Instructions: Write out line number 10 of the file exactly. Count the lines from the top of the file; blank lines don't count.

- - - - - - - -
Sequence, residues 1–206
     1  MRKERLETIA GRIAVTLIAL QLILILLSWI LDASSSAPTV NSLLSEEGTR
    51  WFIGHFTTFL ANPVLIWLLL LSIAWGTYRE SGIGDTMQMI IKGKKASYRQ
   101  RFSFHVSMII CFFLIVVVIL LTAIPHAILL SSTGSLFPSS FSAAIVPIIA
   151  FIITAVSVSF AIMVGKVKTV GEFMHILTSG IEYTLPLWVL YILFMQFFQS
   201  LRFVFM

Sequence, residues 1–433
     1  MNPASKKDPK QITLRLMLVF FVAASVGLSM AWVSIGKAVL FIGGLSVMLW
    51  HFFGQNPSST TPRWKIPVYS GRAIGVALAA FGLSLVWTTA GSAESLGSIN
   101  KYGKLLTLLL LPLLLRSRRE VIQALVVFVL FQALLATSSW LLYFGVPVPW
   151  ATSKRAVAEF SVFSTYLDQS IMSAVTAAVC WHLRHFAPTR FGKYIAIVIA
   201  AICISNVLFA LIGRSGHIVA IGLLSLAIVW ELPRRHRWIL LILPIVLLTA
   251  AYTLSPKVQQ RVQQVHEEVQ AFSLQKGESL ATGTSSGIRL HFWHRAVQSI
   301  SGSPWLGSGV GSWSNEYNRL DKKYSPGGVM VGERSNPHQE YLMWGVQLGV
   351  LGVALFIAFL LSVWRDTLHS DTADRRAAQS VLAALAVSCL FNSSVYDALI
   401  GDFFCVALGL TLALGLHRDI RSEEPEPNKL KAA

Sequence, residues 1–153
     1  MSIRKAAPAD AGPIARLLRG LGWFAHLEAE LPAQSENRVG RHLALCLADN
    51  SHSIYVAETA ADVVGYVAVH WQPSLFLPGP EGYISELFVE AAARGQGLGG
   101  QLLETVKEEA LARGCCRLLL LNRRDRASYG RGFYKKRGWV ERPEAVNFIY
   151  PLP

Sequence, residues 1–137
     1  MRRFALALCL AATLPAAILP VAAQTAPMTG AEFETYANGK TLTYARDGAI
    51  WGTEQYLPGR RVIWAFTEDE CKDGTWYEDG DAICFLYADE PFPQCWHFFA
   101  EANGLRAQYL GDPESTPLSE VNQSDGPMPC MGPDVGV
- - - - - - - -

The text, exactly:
   101  KYGKLLTLLL LPLLLRSRRE VIQALVVFVL FQALLATSSW LLYFGVPVPW